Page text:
By Chris Castles
The markets falling…let’s sell!!
The markets falling…let’s buy!!
Which reaction is the right one? It’s an interesting question and perhaps there’s no clear cut answer. The human brain is hard-wired to fight or flight when there’s danger, and sharemarket volatility is often considered dangerous to investors.
So, what can soccer tell us about the answer to this question?
Behavioural economist Ofer Azar collected data on more than 300 goalies and discovered that goalies who jumped left stopped just 14.2% of the shots, those who jumped right stopped a mere 12.6%. But goalies who stayed put in the centre of the goal were able to prevent goals 33.3% of the time. Amazingly, only 6% of the goalies chose that option1.
Azar interviewed the goalies about their decisions and found that emotions played an important role. The goalies revealed that they felt worse if the goal was made and they were standing still. In fact, taking action, even if it’s certain to lead to failure, was considered better than taking no action at all.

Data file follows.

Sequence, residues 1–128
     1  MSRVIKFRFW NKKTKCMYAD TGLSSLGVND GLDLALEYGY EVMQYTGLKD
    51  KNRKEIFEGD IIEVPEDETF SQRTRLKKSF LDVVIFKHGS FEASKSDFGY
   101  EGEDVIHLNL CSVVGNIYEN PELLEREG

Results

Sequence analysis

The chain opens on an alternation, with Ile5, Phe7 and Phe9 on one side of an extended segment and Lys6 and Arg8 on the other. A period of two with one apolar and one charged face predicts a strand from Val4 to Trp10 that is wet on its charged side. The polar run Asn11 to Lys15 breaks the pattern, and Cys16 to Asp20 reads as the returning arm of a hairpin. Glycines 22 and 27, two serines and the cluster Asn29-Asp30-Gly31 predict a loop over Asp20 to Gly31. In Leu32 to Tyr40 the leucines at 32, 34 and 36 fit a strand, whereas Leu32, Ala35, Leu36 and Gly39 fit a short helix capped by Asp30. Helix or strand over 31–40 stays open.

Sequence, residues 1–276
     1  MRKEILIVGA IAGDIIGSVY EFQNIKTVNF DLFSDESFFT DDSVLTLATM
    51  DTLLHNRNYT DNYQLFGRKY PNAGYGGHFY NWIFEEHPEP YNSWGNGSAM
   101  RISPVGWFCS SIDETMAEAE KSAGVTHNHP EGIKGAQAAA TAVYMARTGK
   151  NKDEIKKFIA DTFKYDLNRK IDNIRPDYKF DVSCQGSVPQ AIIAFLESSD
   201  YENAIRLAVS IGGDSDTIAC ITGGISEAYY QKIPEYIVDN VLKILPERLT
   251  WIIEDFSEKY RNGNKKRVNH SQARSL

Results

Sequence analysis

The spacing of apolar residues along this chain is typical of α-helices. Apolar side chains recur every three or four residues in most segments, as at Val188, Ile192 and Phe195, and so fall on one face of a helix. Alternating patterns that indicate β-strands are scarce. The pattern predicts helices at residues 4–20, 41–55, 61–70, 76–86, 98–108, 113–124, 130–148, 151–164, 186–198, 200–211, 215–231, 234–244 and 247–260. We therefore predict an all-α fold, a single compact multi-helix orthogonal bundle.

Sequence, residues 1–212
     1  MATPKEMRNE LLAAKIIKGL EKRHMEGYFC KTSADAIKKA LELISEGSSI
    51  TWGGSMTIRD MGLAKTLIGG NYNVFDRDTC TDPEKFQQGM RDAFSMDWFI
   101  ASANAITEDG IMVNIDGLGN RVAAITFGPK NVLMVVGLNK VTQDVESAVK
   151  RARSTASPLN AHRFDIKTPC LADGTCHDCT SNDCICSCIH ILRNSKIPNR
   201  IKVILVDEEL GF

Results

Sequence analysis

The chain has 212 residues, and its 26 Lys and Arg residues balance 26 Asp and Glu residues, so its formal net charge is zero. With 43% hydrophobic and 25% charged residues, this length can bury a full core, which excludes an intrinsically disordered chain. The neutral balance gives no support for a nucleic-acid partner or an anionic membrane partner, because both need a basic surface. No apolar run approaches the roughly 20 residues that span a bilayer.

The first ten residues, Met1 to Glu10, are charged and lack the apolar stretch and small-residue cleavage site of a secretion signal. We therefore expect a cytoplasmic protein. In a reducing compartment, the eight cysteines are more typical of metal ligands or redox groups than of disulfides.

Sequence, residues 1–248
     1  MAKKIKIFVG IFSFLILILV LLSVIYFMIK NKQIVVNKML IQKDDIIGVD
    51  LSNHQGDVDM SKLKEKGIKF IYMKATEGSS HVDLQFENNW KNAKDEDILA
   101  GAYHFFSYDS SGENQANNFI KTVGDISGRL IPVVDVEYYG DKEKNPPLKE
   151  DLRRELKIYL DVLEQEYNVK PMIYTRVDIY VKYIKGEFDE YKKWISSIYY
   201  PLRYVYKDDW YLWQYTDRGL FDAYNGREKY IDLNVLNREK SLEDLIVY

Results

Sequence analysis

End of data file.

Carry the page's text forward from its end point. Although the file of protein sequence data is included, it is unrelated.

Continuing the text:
Azar applied his soccer research to the behaviour of investors and found that when the markets are in turmoil, we have a powerful urge to ‘do something’ even when that ‘something’ doesn’t make a lot of practical sense. In the 2008 market meltdown, many investors gave in to the urge to sell because it satisfied their desire for action. But those who stayed put benefited in the long run as the market began to recover
The bottom line: whether to buy or to sell or do nothing depends on the plan you have in place. If your circumstances haven’t changed then chances are your plan won’t have changed and so the answer to the question is to ‘do nothing’.
For every reaction, there’s a consequence…and that can be hazardous to your wealth.2.
- Wray Herbert, 2010. “On Second Thought: Outsmarting Your Mind’s Hard-Wired Habits.” New York: Broadway Paperbacks.
- Article adapted from Vanguard USA Advisor website.